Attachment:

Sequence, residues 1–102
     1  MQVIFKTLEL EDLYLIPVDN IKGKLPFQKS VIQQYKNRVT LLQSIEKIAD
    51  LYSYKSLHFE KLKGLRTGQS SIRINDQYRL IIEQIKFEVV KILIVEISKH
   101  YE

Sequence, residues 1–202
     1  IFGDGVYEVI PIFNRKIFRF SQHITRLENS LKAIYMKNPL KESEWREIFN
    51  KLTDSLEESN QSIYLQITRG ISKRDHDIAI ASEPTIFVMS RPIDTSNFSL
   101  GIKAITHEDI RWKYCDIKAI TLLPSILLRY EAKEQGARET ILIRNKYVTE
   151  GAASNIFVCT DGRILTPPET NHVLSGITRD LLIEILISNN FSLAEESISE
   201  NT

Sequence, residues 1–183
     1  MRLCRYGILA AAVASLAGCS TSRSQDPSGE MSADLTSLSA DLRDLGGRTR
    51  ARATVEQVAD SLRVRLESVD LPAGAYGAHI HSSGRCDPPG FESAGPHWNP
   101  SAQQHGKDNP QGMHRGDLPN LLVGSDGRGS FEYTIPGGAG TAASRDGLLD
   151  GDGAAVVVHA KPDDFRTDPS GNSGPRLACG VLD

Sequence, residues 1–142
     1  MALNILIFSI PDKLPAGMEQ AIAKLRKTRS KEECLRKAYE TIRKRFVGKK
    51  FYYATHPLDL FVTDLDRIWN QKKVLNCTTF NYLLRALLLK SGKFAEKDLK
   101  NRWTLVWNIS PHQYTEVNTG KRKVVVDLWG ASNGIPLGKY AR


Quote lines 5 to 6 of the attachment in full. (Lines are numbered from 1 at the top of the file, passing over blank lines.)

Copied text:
Sequence, residues 1–202
     1  IFGDGVYEVI PIFNRKIFRF SQHITRLENS LKAIYMKNPL KESEWREIFN